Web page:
As I explained last week, Holly Jahangiri (the fictional one) is head of the largest Living Library on the planet Llannonn. The Living Library is a boarding house of Living Books: natives of Llannonn who are so obsessed with English-language Earth literature they’ve memorized books and recite them to patrons who check them out of the Library.
Holly Weeds the Garden
Holly grumbled as she tugged on gardening gloves and picked up tools of vegetable destruction. Her signature purple feather boa hung on a peg in the mud room. This was no job for a purple feather boa.
That was the trouble with being Head Librarian: You had to take up any slack. And there was always some slack. The Living Books liked to explore their texts by doing appropriate tasks around the building and grounds, but that meant that she had to take over those tasks if that book got checked out.
One would think that they would take turn-about, so somebody was always on duty, but one would be wrong. Living Books were highly territorial about their contexts, and if Cinderella did the laundry, she would pitch a fit if she came back to find Mrs. Tiggywinkle had done it in her absence. Happily – or unhappily, depending on how one cared to look at it – nobody minded if Holly filled in.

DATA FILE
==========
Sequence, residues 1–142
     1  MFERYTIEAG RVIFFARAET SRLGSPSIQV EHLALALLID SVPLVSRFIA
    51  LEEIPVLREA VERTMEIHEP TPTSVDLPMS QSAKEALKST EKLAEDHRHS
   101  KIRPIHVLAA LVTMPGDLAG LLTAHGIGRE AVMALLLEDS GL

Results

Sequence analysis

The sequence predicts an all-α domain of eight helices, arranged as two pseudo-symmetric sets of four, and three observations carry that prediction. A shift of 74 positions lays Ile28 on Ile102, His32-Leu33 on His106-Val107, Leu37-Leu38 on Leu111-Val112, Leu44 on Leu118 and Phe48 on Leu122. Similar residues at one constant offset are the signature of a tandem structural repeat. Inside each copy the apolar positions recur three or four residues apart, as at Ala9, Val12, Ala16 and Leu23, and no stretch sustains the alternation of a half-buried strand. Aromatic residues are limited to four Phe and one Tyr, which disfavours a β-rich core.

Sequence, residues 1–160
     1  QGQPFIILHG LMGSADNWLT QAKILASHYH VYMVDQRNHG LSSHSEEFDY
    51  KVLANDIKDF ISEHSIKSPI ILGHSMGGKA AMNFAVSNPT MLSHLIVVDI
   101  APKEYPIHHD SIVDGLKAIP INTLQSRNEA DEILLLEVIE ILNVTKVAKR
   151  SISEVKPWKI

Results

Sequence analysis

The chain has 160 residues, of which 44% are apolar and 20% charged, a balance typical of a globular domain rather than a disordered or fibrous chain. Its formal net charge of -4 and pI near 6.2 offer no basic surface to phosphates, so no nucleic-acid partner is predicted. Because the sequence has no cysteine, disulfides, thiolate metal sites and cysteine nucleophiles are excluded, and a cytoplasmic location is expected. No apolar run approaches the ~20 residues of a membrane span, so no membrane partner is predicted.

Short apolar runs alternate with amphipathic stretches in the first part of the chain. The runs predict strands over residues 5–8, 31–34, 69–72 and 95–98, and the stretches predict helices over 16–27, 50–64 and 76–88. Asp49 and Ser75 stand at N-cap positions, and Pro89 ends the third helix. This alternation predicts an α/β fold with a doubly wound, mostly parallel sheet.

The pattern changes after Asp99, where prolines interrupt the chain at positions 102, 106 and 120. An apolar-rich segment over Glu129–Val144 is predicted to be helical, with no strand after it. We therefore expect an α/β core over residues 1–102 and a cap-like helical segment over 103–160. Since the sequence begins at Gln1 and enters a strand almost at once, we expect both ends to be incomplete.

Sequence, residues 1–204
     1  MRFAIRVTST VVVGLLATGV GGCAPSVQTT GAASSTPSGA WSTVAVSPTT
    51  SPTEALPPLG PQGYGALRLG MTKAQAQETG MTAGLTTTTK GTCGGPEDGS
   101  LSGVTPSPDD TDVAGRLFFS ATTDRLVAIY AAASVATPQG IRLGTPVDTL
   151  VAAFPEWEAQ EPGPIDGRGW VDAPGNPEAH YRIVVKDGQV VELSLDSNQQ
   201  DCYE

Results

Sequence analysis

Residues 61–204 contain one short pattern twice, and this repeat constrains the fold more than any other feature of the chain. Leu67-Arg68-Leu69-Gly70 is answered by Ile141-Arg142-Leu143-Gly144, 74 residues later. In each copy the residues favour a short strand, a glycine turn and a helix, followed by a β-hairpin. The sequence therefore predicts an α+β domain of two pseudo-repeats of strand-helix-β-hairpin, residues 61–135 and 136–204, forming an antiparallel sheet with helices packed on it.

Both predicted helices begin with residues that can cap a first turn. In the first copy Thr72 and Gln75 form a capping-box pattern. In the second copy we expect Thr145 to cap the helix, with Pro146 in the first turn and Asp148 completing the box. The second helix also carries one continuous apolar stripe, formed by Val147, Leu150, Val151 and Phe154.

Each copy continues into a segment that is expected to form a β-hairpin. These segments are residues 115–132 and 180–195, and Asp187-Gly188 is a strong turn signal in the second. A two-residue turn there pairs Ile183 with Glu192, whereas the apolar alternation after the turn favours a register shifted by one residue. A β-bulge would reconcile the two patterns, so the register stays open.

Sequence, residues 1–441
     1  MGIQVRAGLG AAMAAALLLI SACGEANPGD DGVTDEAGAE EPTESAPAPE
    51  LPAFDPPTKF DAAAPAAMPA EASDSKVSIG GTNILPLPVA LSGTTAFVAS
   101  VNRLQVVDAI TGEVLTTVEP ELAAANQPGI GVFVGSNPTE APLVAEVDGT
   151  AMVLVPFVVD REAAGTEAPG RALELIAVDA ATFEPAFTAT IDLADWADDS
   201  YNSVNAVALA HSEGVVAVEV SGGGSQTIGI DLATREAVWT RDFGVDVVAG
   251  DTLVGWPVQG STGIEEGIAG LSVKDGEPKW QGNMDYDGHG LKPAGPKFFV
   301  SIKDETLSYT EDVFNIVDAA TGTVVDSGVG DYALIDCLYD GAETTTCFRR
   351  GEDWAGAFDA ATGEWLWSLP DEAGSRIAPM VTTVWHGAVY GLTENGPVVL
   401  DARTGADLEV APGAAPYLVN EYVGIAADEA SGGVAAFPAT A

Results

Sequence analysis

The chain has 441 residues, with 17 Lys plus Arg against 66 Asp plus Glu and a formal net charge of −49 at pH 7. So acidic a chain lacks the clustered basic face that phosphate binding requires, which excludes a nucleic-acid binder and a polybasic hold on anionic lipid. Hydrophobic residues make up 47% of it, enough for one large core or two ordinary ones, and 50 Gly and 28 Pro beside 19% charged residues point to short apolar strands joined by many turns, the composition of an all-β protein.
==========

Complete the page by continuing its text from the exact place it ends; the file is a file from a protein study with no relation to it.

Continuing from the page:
Usually, the gardening was done by Lady Chatterly’s Lover (and nobody was happier than Holly that gardening was the task he had chosen), but he had been out for more than a month, having been checked out by a book club who had checked him out for as long as it took each of them to have him read himself to them. Why they couldn’t have him read himself to them as a group, Holly didn’t like to think.
At any rate, the consequence was that the garden was becoming overgrown, and somebody had to weed it. As usual, “somebody” meant Holly.
The vegetables and herbs went smoothly. She took a break – Parlourmaid Tambar Miznalia made her have her tea and cake on the mossy brick terrace, so as not to track “nasty dirty dirt” onto her nice, clean floor. Holly retaliated by filling her empty teacup with the dirtiest dirt she could find. She reflected that it was Miznalia who served her food, and washed the cup out with the garden hose.